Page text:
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Transgenic Crops

23 October 2001

23 October 2001

Transgenic Crops

Physicians and Scientists for Responsible Genetics (PSRG) note the annual survey of the International Service for the Acquisition of Agri-biotech Applications. ISAAA claims transgenic crop acreages will increase 10% this year and farmers have embraced genetically engineered crops which are delivering the promises given.

RAFI, an independent monitoring organization, claims acreages are levelling out and data from the US Department of Agriculture’s National Agricultural Statistics Service does show the 2000 corn acreages were less than 1998. Data from the USDA shows some biotech promises are not being kept.

In a survey of members across several States, the American Corn Growers Association asked, “Would you grow more or fewer GE crops?” The ‘more’ respondents ran 7.1 to 15.4 percent, the ‘fewer’ 64.6 to 100 percent.

US corn exports to the European Union for the marketing year 1995-1996 totalled 2.8 million tons, down to 2300 tons for 2000-2001 (USDA). Agricultural Statistics Survey data (1998) indicates there is no economic benefit to growing engineered insecticidal corn (Duffy and Ernst 1999).

The transgenic corn variety, StarLink - approved in 1998, though not for human foods - was identified in a taco in September 2000. Over 300 products were recalled, the USDA allocated $US20 million to buy contaminated seed for incineration, and the developer, Aventis, has spent over $US90 million in compensation, faces multiple lawsuits and will sell its CropScience division.

USDA data shows that, despite 71% of transgenic crops being engineered for chemical resistance and promising chemical reduction, there has been no reduction. For example, an average 11.4% more herbicide is used on RoundupRready® soybean crops, than on conventional soybeans; in some cases, 30% more.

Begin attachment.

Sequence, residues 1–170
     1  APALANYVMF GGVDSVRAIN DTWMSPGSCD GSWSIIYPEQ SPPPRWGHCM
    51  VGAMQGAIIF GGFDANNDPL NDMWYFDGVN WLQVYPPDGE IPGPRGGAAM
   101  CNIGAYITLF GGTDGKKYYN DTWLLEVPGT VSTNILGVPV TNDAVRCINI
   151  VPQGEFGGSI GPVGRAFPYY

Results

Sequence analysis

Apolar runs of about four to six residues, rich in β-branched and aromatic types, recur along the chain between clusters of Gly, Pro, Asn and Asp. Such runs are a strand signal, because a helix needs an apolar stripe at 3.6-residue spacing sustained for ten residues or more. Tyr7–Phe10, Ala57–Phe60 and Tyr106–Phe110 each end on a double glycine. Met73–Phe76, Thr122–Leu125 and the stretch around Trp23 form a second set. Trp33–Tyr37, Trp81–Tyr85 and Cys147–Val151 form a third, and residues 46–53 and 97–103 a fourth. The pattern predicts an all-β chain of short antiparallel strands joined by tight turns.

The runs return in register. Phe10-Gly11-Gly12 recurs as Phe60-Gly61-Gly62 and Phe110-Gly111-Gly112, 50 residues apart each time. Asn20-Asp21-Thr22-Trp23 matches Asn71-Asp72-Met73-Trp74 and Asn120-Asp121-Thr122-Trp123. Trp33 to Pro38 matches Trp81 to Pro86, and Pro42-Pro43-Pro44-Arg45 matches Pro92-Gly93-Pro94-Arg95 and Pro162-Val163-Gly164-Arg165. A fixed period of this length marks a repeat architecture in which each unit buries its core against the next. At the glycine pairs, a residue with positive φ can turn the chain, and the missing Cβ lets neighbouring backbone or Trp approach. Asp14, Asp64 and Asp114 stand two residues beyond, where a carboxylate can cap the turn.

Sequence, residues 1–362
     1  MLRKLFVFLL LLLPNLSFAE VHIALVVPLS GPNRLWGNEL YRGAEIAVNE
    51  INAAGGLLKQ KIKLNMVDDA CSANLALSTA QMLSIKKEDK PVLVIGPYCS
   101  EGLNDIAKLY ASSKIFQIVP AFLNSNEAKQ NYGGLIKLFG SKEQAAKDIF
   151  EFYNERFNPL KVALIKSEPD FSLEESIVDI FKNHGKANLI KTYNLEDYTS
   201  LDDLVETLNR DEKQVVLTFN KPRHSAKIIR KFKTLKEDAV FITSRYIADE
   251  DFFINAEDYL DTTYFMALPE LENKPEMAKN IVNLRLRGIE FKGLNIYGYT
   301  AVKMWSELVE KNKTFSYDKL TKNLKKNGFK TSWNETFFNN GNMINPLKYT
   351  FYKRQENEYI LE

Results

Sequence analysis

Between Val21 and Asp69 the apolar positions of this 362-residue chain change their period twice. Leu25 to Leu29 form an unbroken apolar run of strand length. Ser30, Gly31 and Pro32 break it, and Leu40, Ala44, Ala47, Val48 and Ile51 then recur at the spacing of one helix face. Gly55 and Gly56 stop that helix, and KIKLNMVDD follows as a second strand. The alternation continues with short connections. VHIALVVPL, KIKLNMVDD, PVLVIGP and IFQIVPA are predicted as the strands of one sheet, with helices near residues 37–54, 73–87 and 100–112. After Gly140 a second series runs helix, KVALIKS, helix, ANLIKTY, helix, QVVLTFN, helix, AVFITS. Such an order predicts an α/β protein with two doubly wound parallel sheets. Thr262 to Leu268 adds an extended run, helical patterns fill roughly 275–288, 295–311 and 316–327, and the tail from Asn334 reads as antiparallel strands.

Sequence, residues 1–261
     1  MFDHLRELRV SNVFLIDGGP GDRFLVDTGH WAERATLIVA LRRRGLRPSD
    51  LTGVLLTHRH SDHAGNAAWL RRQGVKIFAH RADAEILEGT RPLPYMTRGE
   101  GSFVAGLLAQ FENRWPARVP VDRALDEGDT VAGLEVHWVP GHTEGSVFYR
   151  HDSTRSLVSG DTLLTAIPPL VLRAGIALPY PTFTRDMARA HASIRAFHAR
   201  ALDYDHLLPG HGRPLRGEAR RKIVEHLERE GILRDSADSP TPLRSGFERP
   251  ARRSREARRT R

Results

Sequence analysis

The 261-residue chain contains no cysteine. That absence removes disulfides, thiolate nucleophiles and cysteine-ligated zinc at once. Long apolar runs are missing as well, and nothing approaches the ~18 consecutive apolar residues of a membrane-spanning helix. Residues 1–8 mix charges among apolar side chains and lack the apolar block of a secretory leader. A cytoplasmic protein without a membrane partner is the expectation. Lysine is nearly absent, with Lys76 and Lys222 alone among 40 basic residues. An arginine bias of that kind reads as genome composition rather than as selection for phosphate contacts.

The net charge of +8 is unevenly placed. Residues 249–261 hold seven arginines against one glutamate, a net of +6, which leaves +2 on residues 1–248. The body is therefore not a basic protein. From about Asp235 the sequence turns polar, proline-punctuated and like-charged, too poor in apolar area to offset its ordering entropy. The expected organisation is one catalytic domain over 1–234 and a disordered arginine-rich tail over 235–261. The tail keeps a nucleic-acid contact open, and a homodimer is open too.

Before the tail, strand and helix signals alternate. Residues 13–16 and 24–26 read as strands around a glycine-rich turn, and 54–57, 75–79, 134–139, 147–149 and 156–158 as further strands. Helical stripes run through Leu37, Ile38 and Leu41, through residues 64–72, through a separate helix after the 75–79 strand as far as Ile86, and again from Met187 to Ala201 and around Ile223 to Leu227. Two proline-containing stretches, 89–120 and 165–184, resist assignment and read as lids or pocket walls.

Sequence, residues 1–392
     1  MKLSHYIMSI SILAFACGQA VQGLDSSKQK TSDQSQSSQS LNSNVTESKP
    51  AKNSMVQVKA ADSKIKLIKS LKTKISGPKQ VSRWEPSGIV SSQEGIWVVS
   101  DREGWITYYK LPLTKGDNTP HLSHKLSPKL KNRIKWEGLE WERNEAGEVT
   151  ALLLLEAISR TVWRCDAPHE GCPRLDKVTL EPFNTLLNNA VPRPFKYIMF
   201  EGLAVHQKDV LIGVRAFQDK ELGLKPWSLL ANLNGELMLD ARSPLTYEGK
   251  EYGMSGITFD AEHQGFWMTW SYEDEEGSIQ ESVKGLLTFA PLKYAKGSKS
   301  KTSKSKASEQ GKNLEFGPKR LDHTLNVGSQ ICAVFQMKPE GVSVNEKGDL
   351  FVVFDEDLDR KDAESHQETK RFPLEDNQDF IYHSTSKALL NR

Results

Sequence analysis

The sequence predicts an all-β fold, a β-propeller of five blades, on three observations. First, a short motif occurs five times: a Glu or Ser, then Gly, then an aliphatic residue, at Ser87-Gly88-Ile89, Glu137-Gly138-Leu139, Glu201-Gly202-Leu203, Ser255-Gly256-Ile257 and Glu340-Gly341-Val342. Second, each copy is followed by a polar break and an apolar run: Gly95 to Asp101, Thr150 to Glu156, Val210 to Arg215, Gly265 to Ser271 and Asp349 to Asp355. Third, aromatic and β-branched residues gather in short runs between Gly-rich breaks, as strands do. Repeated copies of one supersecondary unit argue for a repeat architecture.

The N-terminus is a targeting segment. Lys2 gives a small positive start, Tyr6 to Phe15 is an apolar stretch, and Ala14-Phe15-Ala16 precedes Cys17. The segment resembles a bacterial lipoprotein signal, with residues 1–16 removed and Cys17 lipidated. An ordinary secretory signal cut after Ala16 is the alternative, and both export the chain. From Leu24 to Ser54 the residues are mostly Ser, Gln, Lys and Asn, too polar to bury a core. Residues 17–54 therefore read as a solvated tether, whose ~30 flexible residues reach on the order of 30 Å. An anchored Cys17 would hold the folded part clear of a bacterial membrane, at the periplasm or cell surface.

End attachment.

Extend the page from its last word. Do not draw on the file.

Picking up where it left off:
The US lost 14.3% of its share of the export soy market between 1995 and 2000 whereas Brazil's share climbed 10.7% by supplying non-GE soybeans. US soy value is buoyed up by almost 70% in subsidies and a Purdue University study concluded GE soy offers little advantage to farmers.

Canada’s Globe & Mail reported that its government acknowledges the problem of transgenic canola volunteers. Chemical and DNA tests have confirmed some canola volunteers are now resistant to three chemicals, Roundup, Liberty and Pursuit, and multiple-chemical spraying does not kill them.

Apart from the main transgenic crops (soy, corn/maize, canola and cotton) biotech companies are reported to be withdrawing or not releasing transgenic crops because US consumers and export markets, particularly the EU and Japan, will not accept GE crops. Some noted are flax (Triffid), canola (Quest), potatoes (NatureMark & NewLeaf), corn (StarLink) and tomatoes (Vegadura, Vegaspeso ["FlavrSavr®]).

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